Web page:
A Brief History of Hypnosis A Brief History of Hypnosis The use of hypnosis, in its general sense, is found in virtually every culture across the world.
The mystic achieves hallucinations by gaining control of his own dissociative mechanisms; perhaps this is a form of self-hypnosis. Such individuals can accomplish an astonishing withdrawal from the environment by prolonged intense concentration e.
The hallucinations… The hypnotic state The hypnotized individual appears to heed only the communications of the hypnotist and typically responds in an uncritical, automatic fashion while ignoring all aspects of the environment other than those pointed out by the hypnotist.
History and early research The history of hypnosis is as ancient as that of sorcerymagicand medicine; indeed, hypnosis has been used as a method in all three. Its scientific history began in the latter part of the 18th century with Franz Mesmera German physician who used hypnosis in the treatment of patients in Vienna and Paris.
A number of clinicians made use of it without fully understanding its nature until the middle of the 19th century, when the English physician James Braid studied the phenomenon and coined the terms hypnotism and hypnosis, after the Greek god of sleep, Hypnos. Hypnosis attracted widespread scientific interest in the s.
Independently they had written that hypnosis involved no physical forces and no physiological processes but was a combination of psychologically mediated responses to suggestions. During a visit to France at about the same time, Austrian physician Sigmund Freud was impressed by the therapeutic potential of hypnosis for neurotic disorders.
On his return to Vienna, he used hypnosis to help neurotics recall disturbing events that they had apparently forgotten. As he began to develop his system of psychoanalysishowever, theoretical considerations—as well as the difficulty he encountered in hypnotizing some patients—led Freud to discard hypnosis in favour of free association.
Generally psychoanalysts have come to view hypnosis as merely an adjunct to the free-associative techniques used in psychoanalytic practice. Hypnosis subsequently acquired other limited uses in medicine.
Various researchers have put forth differing theories of what hypnosis is and how it might be understood, but there is still no generally accepted explanatory theory for the phenomenon. Applications of hypnosis The techniques used to induce hypnosis share common features.
The most important consideration is that the person to be hypnotized the subject be willing and cooperative and that he or she trust in the hypnotist.
Subjects are invited to relax in comfort and to fix their gaze on some object. The subject allows his eyes to close and then begins to show signs of profound relaxation, such as limpness and deep breathing.
He has entered the state of hypnotic trance. Therefore, induction is generally preceded by the establishment of suitable rapport between subject and hypnotist. Ordinary inductions of hypnosis begin with simple, noncontroversial suggestions made by the hypnotist that will almost inevitably be accepted by all subjects.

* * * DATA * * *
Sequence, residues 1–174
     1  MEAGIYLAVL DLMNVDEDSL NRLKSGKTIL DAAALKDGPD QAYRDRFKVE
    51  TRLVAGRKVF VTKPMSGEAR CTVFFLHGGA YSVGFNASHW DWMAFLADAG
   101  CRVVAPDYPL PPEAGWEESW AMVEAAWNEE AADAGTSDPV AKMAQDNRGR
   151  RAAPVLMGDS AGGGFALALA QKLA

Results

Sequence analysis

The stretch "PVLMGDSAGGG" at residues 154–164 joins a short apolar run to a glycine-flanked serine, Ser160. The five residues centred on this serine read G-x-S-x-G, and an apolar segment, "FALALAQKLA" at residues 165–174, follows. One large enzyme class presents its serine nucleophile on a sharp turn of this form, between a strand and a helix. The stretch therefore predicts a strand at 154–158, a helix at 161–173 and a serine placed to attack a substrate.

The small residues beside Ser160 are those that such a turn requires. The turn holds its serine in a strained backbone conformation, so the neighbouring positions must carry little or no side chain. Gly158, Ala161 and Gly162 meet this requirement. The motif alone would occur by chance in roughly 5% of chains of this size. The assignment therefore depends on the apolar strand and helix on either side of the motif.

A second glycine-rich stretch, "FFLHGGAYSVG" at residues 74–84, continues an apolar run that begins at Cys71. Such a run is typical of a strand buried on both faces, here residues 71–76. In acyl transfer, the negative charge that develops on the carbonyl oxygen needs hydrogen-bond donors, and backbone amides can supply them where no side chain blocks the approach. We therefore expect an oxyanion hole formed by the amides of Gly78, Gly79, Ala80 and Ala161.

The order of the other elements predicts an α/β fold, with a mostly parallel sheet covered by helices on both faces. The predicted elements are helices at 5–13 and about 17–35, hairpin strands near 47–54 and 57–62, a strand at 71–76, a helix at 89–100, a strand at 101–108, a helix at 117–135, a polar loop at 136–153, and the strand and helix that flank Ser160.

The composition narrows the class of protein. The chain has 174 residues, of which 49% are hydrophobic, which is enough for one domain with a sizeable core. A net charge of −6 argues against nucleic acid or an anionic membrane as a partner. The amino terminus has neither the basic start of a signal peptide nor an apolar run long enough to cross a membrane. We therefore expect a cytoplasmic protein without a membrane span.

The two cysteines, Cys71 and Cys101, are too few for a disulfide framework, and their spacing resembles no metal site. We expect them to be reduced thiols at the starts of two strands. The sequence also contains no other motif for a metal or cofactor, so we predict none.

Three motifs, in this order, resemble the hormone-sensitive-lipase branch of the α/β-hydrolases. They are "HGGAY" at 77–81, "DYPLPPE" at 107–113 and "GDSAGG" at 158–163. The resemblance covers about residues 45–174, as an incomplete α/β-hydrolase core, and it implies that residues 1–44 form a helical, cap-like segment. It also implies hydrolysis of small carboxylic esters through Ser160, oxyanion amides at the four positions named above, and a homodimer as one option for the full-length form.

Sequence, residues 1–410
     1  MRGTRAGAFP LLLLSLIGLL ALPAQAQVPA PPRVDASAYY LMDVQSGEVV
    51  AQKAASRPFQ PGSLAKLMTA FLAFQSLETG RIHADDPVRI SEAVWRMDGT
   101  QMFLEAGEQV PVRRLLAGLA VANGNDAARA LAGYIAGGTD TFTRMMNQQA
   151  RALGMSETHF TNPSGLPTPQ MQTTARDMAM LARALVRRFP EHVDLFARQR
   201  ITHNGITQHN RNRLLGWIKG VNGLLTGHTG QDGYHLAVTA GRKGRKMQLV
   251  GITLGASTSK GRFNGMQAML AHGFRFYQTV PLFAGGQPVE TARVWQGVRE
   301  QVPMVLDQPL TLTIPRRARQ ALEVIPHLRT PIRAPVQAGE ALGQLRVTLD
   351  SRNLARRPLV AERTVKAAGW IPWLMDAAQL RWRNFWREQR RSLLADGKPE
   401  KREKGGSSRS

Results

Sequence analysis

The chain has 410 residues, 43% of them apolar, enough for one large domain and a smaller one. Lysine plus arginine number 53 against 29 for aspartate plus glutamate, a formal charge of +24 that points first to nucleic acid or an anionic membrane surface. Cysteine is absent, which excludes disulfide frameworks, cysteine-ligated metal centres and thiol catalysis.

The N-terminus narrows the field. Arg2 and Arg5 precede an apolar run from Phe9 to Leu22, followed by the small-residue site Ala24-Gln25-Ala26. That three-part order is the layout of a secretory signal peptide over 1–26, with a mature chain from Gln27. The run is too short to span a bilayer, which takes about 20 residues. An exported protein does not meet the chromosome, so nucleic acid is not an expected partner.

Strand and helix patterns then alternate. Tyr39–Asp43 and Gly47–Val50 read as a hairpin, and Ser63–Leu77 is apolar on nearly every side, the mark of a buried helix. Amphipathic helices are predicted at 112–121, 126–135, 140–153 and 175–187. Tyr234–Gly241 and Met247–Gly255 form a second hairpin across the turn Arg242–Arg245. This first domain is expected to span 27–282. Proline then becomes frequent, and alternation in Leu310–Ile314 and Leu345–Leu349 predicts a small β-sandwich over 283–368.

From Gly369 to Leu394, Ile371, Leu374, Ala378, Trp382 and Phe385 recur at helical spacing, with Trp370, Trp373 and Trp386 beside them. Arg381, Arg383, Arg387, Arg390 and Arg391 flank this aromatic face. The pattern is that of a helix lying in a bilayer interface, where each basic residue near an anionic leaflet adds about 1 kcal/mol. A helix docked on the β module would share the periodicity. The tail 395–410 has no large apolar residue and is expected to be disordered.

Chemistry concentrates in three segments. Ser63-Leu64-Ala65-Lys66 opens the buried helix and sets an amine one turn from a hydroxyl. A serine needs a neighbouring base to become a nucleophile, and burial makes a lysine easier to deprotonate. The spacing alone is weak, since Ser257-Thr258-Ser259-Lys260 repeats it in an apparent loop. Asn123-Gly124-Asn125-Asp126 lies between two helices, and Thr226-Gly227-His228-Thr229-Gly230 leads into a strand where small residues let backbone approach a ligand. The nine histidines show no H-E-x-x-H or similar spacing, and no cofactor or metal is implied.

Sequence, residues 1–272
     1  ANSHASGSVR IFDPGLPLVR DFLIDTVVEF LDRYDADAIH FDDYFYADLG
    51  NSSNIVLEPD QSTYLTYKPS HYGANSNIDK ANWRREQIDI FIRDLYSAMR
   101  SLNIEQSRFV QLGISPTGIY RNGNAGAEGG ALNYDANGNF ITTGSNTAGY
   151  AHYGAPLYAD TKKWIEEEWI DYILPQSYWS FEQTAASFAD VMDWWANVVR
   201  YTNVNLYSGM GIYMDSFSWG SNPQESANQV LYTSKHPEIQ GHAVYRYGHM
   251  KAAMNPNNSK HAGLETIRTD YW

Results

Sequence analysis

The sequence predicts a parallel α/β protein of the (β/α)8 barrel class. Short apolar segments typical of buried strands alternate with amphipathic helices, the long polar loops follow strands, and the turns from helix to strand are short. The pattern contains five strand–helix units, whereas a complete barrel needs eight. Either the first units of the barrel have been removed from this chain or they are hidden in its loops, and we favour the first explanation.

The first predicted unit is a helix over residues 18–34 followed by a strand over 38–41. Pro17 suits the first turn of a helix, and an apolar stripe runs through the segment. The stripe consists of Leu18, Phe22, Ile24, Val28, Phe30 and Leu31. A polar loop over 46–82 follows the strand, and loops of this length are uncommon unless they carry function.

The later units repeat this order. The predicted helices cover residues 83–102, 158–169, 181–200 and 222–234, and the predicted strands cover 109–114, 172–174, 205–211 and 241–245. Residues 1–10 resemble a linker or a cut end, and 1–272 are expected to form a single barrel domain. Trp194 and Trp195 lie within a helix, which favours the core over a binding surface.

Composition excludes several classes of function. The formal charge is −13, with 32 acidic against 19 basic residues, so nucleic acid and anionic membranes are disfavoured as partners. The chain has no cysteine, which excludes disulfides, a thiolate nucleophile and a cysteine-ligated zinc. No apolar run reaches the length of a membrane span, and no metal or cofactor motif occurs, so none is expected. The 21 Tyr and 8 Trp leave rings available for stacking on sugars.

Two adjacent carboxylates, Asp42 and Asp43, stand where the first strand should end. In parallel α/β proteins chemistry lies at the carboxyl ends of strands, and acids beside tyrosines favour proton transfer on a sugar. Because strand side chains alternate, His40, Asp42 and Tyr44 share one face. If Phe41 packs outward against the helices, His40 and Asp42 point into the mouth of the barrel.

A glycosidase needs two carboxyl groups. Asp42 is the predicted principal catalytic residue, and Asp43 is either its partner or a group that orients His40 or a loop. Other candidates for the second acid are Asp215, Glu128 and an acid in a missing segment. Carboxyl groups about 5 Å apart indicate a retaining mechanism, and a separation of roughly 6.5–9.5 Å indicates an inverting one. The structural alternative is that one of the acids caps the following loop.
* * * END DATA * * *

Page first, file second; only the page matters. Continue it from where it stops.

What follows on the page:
Other methods of induction may also be used. The process may take considerable time or only a few seconds. The resulting hypnotic phenomena differ markedly from one subject to another and from one trance to another, depending upon the purposes to be served and the depth of the trance.
Hypnosis is a phenomenon of degrees, ranging from light to profound trance states but with no fixed constancy. Ordinarily, however, all trance behaviour is characterized by a simplicity, a directness, and a literalness of understanding, action, and emotional response that are suggestive of childhood.
The surprising abilities displayed by some hypnotized persons seem to derive partly from the restriction of their attention to the task or situation at hand and their consequent freedom from the ordinary conscious tendency to orient constantly to distracting, even irrelevant, events.The effects of hypnosis are not limited to sensory change; even the subject's memory and awareness of self may be altered by suggestion, and the effects of the suggestions may be extended (posthypnotically) into the subject's subsequent waking activity.
History of hypnosis It appears that hypnosis, under other names, has been used since the beginning of time. In fact, it has been insinuated that the earliest description of hypnosis may be portrayed in the Old Testament and in the Talmud.
Hypnotism A peculiar altered state of consciousness distinguished by certain marked symptoms, the most prominent and invariable of which are the presence of continuous alpha waves on the electroencephalograph, hypersuggestibility in the subject, a concentration of attention on .
The use of hypnotism for therapeutic purposes is referred to as 'hypnotherapy', while its use as a form of entertainment for an audience is known as 'stage hypnosis'. History of hypnosis.
Jump to navigation Jump to search. Hypnosis; Applications. Hypnotherapy; Stage hypnosis Braid seized upon these accounts of Oriental meditation as proof that the effects of hypnotism could be produced in solitude, without the presence of a magnetiser, and therefore saw this as evidence that the real precursor of.
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By Kendra Cherry the effects have been dramatically exaggerated in popular media.